November 13, 1964_edited-1

"Squirmin'" Herman
Squirman Herman

Girls lined up on one side of the hall. Boys barricaded the other. Girls hoped to be asked to dance. (Dancing alone, or with another girl, was not yet a thing.)  The only fate worse than passively waiting to be chosen by a 13-year-old boy with braces was to be that hapless boy, crossing the Sahara of the dance floor to mumble, “Do you wanna dance?” Which is, of course, a freaking joy ride compared to the torturous solo retreat to the boy’s bastion after the girl says she’s “not in the mood.”

Sporting the Bavarian look - with sisters and grandparents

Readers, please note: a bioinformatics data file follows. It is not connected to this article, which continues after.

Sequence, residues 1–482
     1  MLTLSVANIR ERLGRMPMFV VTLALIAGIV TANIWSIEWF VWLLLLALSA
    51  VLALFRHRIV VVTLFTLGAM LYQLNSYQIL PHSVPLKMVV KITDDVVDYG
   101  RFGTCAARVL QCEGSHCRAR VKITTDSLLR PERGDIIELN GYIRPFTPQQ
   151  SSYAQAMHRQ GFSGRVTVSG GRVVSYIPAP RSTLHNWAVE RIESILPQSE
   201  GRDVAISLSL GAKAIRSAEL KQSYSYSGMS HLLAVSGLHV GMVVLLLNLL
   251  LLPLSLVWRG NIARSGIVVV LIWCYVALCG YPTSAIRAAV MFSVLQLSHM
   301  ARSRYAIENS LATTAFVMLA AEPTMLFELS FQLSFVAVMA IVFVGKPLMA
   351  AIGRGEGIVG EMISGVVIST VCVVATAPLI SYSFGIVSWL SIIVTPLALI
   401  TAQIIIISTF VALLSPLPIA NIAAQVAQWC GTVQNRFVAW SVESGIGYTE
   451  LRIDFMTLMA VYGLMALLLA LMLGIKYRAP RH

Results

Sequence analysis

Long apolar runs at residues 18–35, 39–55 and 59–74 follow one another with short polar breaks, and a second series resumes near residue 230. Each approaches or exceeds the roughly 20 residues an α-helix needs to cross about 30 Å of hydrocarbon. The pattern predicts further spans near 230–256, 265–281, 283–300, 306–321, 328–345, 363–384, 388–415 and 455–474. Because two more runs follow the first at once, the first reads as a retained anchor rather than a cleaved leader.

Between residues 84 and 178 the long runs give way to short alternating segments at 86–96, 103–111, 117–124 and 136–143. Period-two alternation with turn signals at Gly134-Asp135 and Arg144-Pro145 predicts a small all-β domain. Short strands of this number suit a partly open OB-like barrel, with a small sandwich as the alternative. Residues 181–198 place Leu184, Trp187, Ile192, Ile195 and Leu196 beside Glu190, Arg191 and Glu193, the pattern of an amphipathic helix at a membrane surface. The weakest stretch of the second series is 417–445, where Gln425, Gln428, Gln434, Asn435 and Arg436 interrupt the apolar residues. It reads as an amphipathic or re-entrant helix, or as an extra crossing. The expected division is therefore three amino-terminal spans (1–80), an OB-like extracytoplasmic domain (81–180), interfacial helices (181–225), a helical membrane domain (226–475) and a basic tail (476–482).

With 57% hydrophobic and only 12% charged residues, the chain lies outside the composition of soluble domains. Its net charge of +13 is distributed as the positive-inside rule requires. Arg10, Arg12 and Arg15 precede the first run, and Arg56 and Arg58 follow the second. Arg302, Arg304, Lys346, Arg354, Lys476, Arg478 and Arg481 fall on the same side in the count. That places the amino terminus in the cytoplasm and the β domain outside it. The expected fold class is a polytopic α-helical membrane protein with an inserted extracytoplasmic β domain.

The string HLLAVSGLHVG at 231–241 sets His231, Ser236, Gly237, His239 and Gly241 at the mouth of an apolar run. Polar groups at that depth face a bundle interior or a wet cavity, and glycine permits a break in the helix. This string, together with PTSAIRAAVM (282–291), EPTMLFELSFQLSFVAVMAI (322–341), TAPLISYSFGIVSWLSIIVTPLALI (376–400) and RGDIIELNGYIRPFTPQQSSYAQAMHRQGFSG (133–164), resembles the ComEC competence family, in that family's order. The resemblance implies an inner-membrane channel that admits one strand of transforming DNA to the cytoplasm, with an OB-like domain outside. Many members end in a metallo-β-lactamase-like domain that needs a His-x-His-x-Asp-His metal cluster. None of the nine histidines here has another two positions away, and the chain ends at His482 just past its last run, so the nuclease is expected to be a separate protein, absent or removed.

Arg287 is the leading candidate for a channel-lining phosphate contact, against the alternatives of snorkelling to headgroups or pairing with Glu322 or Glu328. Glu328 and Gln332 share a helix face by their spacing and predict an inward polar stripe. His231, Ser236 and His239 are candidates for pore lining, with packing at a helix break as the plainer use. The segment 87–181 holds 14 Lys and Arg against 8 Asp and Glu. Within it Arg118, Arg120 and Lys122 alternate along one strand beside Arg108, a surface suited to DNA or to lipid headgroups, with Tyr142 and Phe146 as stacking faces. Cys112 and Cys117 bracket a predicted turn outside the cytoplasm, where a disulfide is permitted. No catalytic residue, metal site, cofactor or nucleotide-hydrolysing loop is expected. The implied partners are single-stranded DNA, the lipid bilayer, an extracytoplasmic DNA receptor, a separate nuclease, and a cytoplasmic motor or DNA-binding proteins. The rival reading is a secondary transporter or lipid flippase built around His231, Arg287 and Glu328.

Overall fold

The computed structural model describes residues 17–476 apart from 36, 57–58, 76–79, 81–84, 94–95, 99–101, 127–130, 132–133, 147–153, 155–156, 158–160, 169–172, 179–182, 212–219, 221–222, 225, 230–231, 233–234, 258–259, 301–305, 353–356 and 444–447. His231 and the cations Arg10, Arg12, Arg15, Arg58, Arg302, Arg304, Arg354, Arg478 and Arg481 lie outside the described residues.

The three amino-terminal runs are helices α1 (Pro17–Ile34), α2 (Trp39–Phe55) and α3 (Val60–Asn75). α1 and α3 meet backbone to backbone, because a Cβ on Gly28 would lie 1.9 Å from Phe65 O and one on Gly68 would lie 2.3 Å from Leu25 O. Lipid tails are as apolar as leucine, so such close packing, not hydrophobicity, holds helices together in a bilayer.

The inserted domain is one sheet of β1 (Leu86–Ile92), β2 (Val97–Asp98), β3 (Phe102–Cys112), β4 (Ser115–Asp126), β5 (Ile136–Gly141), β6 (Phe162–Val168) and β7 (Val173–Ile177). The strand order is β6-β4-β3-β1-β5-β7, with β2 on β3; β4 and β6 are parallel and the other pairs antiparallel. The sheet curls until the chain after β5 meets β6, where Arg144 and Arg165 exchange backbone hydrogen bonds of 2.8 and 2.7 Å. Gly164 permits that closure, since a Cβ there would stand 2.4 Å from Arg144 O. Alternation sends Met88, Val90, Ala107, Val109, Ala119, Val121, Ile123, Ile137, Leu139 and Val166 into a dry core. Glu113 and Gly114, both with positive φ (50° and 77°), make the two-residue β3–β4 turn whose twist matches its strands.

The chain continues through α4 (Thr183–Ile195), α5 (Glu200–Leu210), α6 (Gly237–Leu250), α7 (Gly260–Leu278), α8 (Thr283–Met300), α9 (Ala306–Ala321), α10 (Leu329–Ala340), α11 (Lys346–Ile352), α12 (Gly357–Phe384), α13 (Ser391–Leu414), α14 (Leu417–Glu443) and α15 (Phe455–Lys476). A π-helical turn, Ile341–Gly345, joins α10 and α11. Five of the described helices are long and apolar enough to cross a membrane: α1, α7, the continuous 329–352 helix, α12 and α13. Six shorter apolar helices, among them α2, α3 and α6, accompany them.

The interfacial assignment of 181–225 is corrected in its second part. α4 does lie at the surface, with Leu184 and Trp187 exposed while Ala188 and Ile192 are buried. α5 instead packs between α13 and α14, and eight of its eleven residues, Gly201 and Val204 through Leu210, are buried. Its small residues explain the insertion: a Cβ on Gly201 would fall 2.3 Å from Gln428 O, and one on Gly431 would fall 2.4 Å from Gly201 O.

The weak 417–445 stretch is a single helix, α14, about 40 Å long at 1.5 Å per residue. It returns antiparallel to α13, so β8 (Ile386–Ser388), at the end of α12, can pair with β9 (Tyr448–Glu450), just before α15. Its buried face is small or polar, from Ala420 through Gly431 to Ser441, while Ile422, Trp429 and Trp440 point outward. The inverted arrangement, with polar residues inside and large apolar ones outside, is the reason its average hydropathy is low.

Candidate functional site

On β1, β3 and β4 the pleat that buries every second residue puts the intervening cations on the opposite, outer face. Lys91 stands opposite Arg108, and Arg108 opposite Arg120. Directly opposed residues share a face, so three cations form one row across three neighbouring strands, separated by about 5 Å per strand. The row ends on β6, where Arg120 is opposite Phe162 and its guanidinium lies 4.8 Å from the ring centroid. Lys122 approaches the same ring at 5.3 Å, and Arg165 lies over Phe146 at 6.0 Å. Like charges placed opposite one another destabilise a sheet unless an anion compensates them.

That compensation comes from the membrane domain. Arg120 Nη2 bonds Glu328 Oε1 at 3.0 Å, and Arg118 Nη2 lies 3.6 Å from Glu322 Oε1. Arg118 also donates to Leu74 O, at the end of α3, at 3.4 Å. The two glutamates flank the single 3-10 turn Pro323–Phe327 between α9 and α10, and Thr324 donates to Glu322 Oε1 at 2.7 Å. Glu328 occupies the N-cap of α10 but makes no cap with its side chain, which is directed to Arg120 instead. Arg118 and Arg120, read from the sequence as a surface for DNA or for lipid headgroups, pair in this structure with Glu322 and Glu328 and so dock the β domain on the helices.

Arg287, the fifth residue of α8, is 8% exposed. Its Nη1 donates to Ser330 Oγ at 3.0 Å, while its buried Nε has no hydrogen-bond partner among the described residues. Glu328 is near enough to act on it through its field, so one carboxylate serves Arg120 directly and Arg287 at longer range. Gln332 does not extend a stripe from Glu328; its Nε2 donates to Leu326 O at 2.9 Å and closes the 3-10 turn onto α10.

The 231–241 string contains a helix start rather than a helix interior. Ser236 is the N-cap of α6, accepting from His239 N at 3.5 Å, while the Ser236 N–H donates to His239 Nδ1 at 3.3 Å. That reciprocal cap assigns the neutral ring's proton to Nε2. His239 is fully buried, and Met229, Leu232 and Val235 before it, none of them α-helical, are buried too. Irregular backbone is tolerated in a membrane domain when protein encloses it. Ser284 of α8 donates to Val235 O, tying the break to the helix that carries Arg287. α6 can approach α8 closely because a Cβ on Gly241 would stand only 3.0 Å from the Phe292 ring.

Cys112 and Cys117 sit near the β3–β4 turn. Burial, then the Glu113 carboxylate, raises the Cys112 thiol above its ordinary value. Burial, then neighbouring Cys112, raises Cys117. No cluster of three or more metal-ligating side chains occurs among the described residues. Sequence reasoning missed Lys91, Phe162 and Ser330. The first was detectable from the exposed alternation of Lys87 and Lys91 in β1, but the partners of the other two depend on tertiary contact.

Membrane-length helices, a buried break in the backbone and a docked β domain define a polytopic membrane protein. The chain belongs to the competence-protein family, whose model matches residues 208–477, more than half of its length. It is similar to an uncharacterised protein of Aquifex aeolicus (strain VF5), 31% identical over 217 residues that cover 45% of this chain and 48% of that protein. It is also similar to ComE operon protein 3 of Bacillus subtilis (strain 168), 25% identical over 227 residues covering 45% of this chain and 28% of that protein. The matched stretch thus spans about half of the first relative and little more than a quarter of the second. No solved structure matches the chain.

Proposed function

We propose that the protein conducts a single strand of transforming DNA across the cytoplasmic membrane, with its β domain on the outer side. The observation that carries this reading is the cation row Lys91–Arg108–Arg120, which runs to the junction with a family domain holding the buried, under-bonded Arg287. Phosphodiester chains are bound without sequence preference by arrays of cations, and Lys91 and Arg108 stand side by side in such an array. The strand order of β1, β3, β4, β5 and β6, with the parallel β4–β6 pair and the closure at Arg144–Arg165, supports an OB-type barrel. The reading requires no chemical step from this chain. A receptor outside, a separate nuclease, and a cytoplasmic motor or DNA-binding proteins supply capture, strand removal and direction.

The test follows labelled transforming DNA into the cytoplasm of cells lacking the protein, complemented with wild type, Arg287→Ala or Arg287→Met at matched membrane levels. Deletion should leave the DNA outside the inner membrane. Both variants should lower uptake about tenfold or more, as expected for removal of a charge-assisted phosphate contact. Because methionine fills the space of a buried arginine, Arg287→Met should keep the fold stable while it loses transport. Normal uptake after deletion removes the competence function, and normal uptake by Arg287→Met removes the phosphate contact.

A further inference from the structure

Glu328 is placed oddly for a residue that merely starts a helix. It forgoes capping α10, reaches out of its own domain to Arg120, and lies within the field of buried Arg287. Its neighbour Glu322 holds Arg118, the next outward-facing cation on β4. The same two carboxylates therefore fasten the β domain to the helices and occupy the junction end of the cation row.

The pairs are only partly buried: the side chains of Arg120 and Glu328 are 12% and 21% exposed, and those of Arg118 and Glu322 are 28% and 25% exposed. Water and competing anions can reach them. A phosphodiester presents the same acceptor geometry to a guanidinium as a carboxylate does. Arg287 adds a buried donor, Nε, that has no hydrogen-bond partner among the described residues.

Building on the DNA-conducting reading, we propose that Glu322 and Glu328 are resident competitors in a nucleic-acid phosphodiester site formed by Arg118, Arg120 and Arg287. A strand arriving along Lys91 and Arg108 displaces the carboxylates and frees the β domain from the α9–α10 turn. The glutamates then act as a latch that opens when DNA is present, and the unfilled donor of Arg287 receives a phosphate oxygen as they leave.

Sporting the Bavarian look – with sisters and grandparents

The month before the mixer, I envisioned my night unfolding much like Maria in “West Side Story”, when Tony glimpsed her across a crowded dance floor. It never happened like that. Why not?  Let me count the ways. I was a seventh-grade giantess trapped in a life-long bad hair day. My mother dressed me like a goat-herding girl in the Austrian Alps and my father was a Lutheran pastor, as terrifying to Protestants as it was to Catholics, Jews and atheists. I wasn’t even a good dancer, due to lack of practice.

Janet and I wear matching home-made dresses.
Janet and I wear matching home-made dresses.

What was right about my life in Jr. High? A mother who loved me enough to sew for me (the results improved). A father who brought me a Squirman Herman caterpillar when he returned from a trip. It was more than enough.

With my family around this time.
With my family around this time.